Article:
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Despite pandemic, total 2020 new home sales may match 2019's
THE total of new private homes sold in 2020 hit about 10,000 in a year when Singapore recorded its worst recession as a global pandemic forced lockdowns in many countries. This would put it roughly on par with the number of new homes sold in 2019, once aborted sales are accounted for.
The preliminary tally for 2020 comes as developers sold 1,217 new homes in December, up almost 60 per cent over the November figure.
This is according to December caveats filed with the Urban Redevelopment Authority (URA) this week, noted Christine Sun, OrangeTee & Tee director and senior vice-president of research and analytics.
To be clear, the December transactions could change when URA releases its monthly sales data this Friday and again when the Q4 Real Estate Statistics is published on Jan 22, due to downward adjustments for aborted sales.
If the final figure is lower when aborted units are factored in, the total new homes sold for 2020 could be on par with the 9,912 units sold in 2019, said Ms Sun. It would also be above the 8,795 units sold in 2018.
On a yearly basis, December sales more than doubled from the 538 units sold in December 2019.
New home sales were mainly driven by two key launches last month - the 640-unit Clavon, which sold 473 units, and 660-unit Ki Residences at Brookvale, which moved 172 units.
As such, Outside of Central Region (OCR) accounted for 75.9 per cent of the total new home sales, while 19.1 per cent of sales were in the Rest of Central Region (RCR) and 4.9 per cent were in the Core Central Region (CCR).
The other top-selling projects include Parc Clematis, Treasure at Tampines, Jadescape and Piermont Grand.
The key driver pushing sales is low interest rates, and this is seen elsewhere too, said Desmond Sim, CBRE's head of research, Singapore and South-east Asia. He noted that low rates in the United Kingdom and the United States have also led to healthy home sales there.
While the recession has led to job losses, there are cash-flush buyers who have benefited from "wealth creation over the past three to five years," he said. These buyers include en-bloc millionaires, he added.
The last big wave of en bloc or collective sales occurred in 2017 and 2018 as many homeowners jumped on the bandwagon and developers actively leveraged on the potential of many existing developments. The real estate market witnessed about 31 deals in 2017 for a total of S$8.5 billion, and 36 deals in 2018 for a total of S$10.3 billion.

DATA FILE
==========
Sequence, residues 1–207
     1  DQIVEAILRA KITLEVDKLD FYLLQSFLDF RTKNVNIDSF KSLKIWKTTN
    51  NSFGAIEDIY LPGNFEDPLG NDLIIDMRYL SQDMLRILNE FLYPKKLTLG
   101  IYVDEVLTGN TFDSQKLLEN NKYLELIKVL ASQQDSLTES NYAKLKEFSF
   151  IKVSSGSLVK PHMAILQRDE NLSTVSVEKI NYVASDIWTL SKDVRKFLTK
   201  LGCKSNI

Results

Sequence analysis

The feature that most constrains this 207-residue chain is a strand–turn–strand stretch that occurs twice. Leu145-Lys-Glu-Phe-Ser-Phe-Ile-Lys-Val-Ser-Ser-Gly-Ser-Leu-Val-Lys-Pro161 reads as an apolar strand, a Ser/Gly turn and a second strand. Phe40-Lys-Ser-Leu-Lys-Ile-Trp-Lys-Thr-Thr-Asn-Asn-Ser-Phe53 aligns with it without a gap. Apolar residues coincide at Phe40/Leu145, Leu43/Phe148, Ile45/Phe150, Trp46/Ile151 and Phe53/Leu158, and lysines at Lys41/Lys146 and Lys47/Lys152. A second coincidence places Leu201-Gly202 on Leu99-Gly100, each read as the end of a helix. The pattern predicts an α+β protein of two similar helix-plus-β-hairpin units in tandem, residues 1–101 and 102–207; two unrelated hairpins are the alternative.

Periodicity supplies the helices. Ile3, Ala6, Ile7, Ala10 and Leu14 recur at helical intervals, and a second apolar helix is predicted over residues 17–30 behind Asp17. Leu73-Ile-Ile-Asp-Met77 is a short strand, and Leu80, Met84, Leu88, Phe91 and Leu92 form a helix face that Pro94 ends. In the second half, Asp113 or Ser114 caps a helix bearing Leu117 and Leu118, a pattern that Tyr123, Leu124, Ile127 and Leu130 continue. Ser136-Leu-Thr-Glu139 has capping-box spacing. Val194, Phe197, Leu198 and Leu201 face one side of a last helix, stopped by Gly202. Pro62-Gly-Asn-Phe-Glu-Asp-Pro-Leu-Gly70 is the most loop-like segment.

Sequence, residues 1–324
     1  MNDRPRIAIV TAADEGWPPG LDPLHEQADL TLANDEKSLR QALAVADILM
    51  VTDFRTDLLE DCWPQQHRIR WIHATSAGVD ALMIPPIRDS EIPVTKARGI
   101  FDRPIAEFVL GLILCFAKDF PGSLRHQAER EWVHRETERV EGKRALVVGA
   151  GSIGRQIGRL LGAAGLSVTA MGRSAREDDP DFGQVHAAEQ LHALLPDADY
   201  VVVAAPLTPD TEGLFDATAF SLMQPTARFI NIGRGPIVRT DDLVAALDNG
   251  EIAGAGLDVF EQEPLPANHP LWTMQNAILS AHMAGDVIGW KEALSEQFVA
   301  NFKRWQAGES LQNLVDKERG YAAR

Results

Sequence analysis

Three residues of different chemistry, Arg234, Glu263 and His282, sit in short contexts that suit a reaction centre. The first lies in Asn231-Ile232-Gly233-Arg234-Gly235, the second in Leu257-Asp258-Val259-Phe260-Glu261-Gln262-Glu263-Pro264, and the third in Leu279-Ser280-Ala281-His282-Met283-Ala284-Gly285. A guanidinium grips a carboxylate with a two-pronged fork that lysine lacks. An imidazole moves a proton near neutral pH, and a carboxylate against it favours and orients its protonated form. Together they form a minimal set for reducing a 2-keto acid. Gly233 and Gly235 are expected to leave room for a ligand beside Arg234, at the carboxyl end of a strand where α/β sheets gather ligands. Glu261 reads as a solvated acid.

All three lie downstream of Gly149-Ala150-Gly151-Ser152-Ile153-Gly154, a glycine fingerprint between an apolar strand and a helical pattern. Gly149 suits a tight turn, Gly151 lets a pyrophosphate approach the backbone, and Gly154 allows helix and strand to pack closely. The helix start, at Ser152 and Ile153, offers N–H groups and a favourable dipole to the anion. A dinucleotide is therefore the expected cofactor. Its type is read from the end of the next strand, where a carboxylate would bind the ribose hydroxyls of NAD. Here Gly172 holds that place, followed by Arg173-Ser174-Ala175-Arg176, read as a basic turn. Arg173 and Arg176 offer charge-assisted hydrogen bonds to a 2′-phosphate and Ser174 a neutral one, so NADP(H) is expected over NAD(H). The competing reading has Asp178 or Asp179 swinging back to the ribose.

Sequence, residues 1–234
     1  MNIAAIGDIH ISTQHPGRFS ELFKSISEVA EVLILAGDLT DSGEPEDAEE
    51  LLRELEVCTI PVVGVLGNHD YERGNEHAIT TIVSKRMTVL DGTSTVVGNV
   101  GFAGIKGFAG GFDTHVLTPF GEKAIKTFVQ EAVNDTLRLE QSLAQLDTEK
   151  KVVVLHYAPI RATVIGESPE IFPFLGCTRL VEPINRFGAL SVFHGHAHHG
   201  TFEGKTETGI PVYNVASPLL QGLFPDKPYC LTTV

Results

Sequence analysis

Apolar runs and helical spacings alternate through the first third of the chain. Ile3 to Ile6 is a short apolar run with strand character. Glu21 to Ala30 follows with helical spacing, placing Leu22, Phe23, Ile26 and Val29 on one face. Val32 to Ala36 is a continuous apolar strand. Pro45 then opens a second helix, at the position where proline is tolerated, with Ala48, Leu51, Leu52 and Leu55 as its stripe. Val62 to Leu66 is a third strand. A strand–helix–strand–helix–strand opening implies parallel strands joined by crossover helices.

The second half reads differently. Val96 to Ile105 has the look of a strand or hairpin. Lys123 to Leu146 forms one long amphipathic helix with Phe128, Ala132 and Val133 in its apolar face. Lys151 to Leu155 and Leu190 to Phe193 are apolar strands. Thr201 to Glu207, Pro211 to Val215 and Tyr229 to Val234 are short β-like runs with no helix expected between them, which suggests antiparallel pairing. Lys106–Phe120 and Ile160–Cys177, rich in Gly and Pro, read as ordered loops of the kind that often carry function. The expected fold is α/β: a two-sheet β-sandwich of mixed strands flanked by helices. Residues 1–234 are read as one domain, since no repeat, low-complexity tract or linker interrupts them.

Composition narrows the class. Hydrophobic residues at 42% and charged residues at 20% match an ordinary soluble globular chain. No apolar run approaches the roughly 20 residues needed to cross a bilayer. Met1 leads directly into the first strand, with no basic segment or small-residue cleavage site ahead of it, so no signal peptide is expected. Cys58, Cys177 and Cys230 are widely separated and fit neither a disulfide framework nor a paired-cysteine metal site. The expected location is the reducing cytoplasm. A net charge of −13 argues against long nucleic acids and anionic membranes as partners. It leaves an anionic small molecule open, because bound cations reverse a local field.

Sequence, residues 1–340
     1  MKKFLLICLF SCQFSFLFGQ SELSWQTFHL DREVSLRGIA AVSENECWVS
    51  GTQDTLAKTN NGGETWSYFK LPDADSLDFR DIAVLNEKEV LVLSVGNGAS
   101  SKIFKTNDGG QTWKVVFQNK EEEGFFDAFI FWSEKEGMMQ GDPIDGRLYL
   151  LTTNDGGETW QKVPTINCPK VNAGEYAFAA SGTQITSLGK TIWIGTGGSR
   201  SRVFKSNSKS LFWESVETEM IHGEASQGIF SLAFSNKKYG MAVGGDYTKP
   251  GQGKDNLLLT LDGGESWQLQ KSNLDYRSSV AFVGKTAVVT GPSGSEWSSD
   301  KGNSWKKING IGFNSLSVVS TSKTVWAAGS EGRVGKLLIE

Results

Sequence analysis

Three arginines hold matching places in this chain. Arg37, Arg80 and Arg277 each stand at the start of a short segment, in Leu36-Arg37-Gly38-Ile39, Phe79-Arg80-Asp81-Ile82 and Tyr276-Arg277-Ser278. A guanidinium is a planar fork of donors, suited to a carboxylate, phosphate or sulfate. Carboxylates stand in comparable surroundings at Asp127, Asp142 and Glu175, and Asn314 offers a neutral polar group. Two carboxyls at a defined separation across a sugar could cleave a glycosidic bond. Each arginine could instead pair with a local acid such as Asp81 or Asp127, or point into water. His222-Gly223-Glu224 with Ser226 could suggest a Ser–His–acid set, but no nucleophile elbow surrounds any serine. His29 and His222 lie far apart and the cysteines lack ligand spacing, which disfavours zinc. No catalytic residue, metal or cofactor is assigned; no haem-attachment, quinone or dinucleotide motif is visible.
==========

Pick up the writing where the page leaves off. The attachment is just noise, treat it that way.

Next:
Homebuyers' optimism has pushed prices up. According to the URA flash estimate published on Jan 4, prices of private homes in Singapore rose 2.1 per cent quarter-on-quarter in Q4 2020 in the highest quarterly increase since the 3.4 per cent notched in Q2 2018 before the last round of cooling measures kicked in. This comes on the heels of a 0.8 per cent increase in Q3 2020. For 2020 as a whole, prices rose 2.2 per cent.
In 2019, the private residential property index grew by 2.7 per cent.
The property price index can still increase because the prices of the transacted units in 4Q 2020 were higher than the preceding quarter, said Nicholas Mak, ERA Realty's head of research & consultancy.
The median unit price in Q4 2020 was S$1,734 per square foot, up 3.1 per cent over Q3, said Ms Sun.
Developers' sales in the first week of the New Year has been brisk, with foreigners picking up some luxury units, said Lee Sze Teck, Huttons Asia research head.
Developers' sales for the week of Jan 4-10 were 135 units, up 15 per cent over the last week of December, said Mr Lee.
The CCR accounted for 14.1 per cent while the RCR and OCR made up 30.4 per cent and 55.6 per cent, he said.
The top-selling project in the CCR was Nouvel 18/V on Shenton, followed by Kent Ridge Hill Residences in the RCR and Treasure at Tampines in the OCR.
"Several high-end luxury projects saw foreigners picking up units in the last week, probably an early indication that foreigners' interest may be returning," he said.
According to Ms Sun, permanent residents and business travellers are among the foreigners picking up new homes.
"We are seeing more buyers visiting the showflats. There are some buyers who are eager to acquire their target units and willing to pay higher prices if necessary. They may believe that the worst of the pandemic is behind us," said Mr Mak.